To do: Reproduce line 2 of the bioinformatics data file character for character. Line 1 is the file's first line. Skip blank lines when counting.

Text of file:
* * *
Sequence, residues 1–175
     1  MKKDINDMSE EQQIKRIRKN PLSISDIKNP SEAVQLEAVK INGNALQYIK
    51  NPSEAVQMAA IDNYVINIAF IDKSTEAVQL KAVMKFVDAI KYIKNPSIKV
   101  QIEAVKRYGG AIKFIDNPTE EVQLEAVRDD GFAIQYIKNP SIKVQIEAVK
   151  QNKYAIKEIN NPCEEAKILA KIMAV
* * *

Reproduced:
     1  MKKDINDMSE EQQIKRIRKN PLSISDIKNP SEAVQLEAVK INGNALQYIK